The California State University campus in Long Beach encompasses over 320 acres on the city's east side. It's a beautiful campus that boasts its own zip code and approximately 38,000 students. This abundance of space and culture draws the general public to campus, with several events and places to explore.
No other building stands out on campus like the Walter Pyramid. This cobalt-blue structure stands over 18 stories high and houses a state-of-the-art arena. It's home to several athletic programs, including Long Beach State basketball and volleyball for over 20 years.
The Earl Burns Miller Japanese Garden is another notable place to visit on campus. This 1.3-acre landscaped space features a hybrid of Southern California horticulture and traditional Japanese landscaping. A few eye-catching garden objects include a Tea House and Zen Garden.
17. The Pike Outlets
Highlights: Discounted name-brand storefronts alongside restaurants and tourist attractions
The Pike Outlets provide bountiful shopping opportunities across from the Long Beach Convention and Entertainment Center. It's a popular spot for shopping, with several large name-brand stores on the directory.
Pike Outlets is also a central spot for dining, with a selection of restaurants ranging from fast food to casual and sit-down dining. And with other amenities, like a comedy club, movie theater, Ferris wheel, and carousel, it's a common spot for date nights.
Map of Attractions & Things to Do in Long Beach, CA
Long Beach, CA - Climate Chart
|Average minimum and maximum temperatures for Long Beach, CA in °C|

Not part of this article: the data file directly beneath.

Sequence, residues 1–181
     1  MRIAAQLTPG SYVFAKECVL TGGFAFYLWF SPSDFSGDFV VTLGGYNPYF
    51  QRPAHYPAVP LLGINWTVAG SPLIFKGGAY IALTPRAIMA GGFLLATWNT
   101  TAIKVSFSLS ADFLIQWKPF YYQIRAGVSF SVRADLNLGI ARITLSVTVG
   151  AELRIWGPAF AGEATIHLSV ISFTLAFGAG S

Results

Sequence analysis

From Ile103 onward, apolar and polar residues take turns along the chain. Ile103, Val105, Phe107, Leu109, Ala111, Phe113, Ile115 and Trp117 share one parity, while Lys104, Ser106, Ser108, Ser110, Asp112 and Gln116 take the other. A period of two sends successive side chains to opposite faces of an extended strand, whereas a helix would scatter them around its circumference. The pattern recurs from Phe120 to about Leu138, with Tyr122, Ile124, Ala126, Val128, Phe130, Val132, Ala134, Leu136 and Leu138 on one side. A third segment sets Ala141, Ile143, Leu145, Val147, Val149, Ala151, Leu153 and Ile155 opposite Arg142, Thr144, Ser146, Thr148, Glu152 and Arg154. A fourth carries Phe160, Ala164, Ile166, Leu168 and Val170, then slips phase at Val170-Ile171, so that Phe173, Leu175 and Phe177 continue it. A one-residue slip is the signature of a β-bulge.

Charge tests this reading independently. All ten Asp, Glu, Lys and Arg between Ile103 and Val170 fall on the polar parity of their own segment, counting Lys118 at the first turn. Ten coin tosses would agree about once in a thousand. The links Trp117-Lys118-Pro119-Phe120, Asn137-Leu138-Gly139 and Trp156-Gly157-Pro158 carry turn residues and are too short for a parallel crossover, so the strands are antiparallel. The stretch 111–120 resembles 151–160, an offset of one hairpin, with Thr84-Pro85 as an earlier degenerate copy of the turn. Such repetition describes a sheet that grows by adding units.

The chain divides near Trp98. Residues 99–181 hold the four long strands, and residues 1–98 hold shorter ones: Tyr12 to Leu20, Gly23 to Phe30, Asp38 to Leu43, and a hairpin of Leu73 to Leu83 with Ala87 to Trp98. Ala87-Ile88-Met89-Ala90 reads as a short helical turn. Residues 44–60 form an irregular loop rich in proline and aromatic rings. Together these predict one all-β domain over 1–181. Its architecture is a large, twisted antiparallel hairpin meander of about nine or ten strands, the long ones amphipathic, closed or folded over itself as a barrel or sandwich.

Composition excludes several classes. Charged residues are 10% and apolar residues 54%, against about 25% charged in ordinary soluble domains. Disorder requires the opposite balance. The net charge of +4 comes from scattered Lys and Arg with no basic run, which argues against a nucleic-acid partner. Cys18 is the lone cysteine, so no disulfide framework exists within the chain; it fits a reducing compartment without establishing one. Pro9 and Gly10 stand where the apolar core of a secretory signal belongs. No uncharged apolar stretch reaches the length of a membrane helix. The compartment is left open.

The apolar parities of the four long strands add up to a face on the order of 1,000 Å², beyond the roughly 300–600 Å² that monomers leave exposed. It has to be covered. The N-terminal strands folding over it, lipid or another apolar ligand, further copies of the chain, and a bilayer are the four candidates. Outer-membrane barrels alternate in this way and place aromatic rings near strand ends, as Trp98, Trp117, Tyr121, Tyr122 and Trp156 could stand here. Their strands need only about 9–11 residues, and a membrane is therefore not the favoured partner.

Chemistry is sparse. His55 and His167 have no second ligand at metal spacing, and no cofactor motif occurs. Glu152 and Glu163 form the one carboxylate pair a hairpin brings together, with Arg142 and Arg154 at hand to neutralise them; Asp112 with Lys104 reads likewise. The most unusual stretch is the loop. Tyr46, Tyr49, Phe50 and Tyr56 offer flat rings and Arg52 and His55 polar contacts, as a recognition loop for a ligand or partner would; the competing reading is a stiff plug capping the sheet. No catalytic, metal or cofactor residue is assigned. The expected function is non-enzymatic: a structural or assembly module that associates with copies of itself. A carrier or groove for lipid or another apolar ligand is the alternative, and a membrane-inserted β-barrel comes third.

|20 8||20 9||21 10||23 12||23 14||26 16||28 18||29 19||28 18||26 14||23 10||21 7|
|Average monthly precipitation totals for Long Beach, CA in mm.|
|Average minimum and maximum temperatures for Long Beach, CA in °F|
|68 46||68 48||69 50||73 53||74 58||78 61||83 65||85 66||83 64||79 58||73 50||69 45|
|Average monthly precipitation totals for Long Beach, CA in inches.|
Long Beach enjoys welcoming weather throughout the year. However, the best time to visit Long Beach is the extended summer season, including June, July, August, September, and October. This long season offers warm water and consistently warm weather, with temperatures averaging in the low 80s Fahrenheit.
The months leading up to summer, including April and May, are also lovely times to visit. Sunny skies also define this time of year, with temperatures averaging a bit lower in the mid-70s Fahrenheit. This time of year is also typically more affordable compared to the touristy summer months.
There's really not a bad time to visit Long Beach. The winter months, spanning from November through the beginning of March, do see a few days of rain and clouds, but visitors can still expect daytime temperatures in the upper 60s Fahrenheit. The winter months, outside of the holiday season, can also be an affordable time to visit.